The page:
• Enable volunteers to feed into the development of your plan. This may be by involving volunteers in a strategic planning or leadership group through to giving volunteers the opportunity to comment on a draft plan.  Let people know the contribution that volunteers have made to the plan and what has been adopted or rejected in the development of the plan.
  • Ensure that for every strategic objective in your plan you have identified whether and how volunteers contribute towards this. Make it clear in the plan what volunteers’ roles are and be specific about how it will be delivered and what resources are required to support delivery – some of the more detailed information may be in an action plan or service- or team-level plan.
  • Communicate inside and outside your organisation what volunteers bring. This can be through staff meetings, training, individual meetings, articles or case studies on your website, newsletter or intranet, social media, or any other mechanism you use to communicate.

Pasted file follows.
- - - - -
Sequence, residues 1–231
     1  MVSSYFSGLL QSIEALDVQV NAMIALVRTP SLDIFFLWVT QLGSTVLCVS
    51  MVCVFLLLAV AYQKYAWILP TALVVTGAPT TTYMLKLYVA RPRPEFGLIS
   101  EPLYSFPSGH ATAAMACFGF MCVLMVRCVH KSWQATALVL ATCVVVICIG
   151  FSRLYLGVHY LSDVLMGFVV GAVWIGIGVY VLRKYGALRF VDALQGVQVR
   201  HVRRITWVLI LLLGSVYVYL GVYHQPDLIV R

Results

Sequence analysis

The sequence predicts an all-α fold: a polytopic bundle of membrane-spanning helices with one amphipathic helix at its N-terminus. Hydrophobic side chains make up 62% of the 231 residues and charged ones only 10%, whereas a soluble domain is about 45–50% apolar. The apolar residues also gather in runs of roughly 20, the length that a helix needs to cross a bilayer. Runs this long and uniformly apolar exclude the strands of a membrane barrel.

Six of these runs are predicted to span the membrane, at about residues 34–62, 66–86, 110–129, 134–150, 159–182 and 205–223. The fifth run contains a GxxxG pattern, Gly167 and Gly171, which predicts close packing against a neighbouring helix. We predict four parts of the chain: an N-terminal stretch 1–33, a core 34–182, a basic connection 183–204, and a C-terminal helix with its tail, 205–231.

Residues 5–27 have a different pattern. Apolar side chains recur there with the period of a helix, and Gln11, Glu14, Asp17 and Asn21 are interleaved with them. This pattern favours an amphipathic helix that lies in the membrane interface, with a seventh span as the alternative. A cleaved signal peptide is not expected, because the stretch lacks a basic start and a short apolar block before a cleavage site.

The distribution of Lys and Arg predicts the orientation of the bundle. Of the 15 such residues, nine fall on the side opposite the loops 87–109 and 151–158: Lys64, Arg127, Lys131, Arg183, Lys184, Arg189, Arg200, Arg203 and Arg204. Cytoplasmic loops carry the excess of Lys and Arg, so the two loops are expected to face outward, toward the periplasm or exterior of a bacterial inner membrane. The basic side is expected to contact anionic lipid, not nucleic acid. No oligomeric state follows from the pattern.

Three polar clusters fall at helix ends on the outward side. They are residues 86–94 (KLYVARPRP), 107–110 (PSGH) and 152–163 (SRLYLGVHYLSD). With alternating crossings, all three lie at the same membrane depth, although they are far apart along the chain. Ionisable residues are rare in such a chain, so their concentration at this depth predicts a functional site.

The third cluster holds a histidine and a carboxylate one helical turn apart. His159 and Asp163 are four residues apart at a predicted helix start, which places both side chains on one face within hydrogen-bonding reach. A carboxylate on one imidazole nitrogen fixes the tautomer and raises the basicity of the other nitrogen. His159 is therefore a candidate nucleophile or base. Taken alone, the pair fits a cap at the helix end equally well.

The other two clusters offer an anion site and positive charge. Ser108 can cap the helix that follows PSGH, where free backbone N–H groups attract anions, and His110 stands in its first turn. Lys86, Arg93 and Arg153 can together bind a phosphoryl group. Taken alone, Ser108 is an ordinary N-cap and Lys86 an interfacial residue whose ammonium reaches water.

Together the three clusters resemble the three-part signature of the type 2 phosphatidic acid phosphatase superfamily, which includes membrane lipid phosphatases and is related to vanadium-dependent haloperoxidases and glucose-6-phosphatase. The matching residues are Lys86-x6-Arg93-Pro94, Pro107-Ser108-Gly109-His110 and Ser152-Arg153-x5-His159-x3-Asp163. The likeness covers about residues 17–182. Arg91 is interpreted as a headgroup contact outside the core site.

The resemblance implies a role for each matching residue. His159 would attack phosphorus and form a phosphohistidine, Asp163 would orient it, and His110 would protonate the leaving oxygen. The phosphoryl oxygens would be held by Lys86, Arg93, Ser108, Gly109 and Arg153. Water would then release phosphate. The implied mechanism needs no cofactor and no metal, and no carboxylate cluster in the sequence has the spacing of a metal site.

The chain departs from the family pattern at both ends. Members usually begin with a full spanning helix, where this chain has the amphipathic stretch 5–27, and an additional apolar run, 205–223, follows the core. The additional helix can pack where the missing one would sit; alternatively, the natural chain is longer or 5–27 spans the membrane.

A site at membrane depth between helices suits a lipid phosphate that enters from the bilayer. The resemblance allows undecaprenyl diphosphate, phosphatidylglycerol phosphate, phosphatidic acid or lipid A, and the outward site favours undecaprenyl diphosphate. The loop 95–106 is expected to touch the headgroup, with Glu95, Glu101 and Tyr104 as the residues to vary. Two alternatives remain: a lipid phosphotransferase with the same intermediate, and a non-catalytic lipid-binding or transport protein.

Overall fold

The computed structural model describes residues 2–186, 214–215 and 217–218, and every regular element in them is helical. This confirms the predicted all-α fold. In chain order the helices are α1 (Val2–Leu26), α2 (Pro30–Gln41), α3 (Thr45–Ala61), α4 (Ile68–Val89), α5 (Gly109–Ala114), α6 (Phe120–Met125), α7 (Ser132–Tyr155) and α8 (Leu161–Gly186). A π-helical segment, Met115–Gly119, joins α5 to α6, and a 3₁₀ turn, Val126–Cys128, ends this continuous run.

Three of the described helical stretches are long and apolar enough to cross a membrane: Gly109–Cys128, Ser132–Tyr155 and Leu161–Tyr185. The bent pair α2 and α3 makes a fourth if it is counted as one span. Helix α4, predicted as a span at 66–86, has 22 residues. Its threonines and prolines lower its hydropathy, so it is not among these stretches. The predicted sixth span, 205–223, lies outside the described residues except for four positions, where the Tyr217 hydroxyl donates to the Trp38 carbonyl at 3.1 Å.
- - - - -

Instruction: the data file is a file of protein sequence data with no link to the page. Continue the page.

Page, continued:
• Consider how volunteers delivering services relate to the governance of your organisation. You could involve service delivery volunteers as trustees, have a trustee/trustees on the board with specific responsibility for liaising with volunteers, make a volunteer steering group a part of the board structure, or hold shared meetings and activities.
  • Involve volunteers in the regular review of your strategy throughout the planning cycle.
  • Ensure that your volunteers are well managed and get training, support and recognition. Investing in Volunteers can help you to review your volunteering practice and highlight the voice of volunteers to identify what you do well and what you can improve.  You can get a free, no obligation quote.
  • Recognise the crucial role of volunteer managers. They are likely to have a huge amount of expertise in relation to what does and doesn’t work and are vital in working directly with the volunteers to ensure that your strategy is a success.